Christopher Intagliata

Senior Producer

Science Friday

Christopher Intagliata is the senior producer for Science Friday.

Christopher is Science Friday's senior producer, and a regular contributor to Scientific American. His favorite stories feature microbes or food — or in the best-case scenario, both. Before coming to Science Friday, Christopher taught English in Italy and counted endangered frogs (Rana muscosa) in the Eastern Sierra Nevada. He holds a bachelor's degree in biology from the University of California at Berkeley, and a master's in science, health and environmental reporting from the Arthur L. Carter Journalism Institute at New York University.

A close-up view of a male blue orchard bee, also known as Osmia lignaria. This type of bee, which is native to North America, is known to be one of the world's best pollinators.

Book creates buzz about native bees of North America


When you hear the word “bee,” you probably picture a honeybee. As a new book shows, though, many bees native to North America defy conventionalism and remain relatively unknown on their own continent

In 1908, New Zealand Parliament passed the Prevention of Quackery Act to defend against claims such as the one featured in this leaflet: "bile beans" that claimed to cure a vareity of ailments, including indigestion, headaches, pimples and sleeplessness.

New book looks at medical cures now considered ‘quackery’

A biting midge pollinates a cacao flower on the Goodman Cacao Estate in Killaloe, Australia.

Giant chocolate industry depends on tiny insects for survival

For years, Shanghai has featured some of China's worst air pollution. Recent initiatives by the Chinese government, though, have begun to clean up some of the problem.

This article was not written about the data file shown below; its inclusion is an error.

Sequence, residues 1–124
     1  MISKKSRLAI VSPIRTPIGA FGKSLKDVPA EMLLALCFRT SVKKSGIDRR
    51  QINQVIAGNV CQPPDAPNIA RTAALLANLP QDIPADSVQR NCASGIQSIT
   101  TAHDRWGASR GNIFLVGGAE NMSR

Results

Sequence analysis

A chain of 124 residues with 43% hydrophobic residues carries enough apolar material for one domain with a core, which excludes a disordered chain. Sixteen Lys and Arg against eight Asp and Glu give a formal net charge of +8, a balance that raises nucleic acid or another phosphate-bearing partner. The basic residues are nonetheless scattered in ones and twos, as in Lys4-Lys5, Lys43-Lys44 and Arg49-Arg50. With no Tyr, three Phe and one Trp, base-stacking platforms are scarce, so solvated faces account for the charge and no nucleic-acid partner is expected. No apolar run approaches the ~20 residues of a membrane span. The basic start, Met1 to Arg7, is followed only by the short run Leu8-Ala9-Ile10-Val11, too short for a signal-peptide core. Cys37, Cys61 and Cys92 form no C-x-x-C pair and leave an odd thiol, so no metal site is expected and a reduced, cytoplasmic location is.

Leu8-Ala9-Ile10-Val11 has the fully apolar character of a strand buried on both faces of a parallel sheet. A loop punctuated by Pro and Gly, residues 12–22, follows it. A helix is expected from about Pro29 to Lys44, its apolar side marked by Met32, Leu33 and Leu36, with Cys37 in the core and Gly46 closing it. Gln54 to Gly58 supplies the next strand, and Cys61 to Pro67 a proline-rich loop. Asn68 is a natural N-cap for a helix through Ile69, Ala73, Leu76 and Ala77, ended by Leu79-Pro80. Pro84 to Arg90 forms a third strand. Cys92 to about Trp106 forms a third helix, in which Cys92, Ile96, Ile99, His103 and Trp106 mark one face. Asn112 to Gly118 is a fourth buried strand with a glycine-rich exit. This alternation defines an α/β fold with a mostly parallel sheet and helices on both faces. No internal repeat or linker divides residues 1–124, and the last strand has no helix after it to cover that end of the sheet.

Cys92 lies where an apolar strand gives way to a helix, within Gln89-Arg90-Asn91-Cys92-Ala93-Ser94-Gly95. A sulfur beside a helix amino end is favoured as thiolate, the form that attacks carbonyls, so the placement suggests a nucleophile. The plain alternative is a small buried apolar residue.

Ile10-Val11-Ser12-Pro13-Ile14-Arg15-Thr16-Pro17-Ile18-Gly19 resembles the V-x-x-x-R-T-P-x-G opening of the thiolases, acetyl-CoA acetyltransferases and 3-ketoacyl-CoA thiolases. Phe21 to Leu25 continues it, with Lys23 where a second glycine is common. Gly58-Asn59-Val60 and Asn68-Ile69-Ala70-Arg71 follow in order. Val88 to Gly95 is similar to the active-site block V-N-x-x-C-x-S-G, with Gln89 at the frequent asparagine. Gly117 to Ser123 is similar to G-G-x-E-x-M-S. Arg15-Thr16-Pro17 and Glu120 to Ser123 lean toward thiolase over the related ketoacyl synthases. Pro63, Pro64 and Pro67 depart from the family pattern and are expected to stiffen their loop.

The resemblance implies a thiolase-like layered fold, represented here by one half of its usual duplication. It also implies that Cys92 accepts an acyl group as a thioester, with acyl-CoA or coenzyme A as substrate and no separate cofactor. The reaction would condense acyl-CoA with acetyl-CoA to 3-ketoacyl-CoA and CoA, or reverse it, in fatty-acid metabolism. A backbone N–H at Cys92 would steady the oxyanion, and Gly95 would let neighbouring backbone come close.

With the US pursuing fossil fuels, alternative, renewable forms of energy could be an even bigger boon to China

Wikimedia Foundation servers

Scientists warn we may be creating a ‘digital dark age’

Bats flying near Bracken Cave, Texas.

For the future of self-driving technology, look to … bats?


Scientists still aren’t sure how bats avoid colliding with one another in swarms. Solving the mysteries of their “biological sonar” could give us clues for our own technology.

Wild horses.

The trouble with managing America’s wild horses


“We never have really figured out how to make the idea of the horse as a symbol of freedom, and the practical biology of protecting and yet limiting this horse, work,” says author David Philipps.

Rainbow scarab beetle

Dung beetles navigate using the Milky Way and other facts about ‘nature’s recyclers’


You may not envy what dung beetles and carrion beetles dine on, but you live in a world that they help keep clean.

Three psychologists debunk a persistent myth about how we learn.

Consider yourself a ‘visual’ or ‘auditory’ learner? Turns out, there’s not much science behind learning styles.


Three psychologists debunk a persistent myth about how we learn.

phone in hand

How to make biometric technology more secure


What’s on the horizon in biometric security, and how can we make the technology more secure?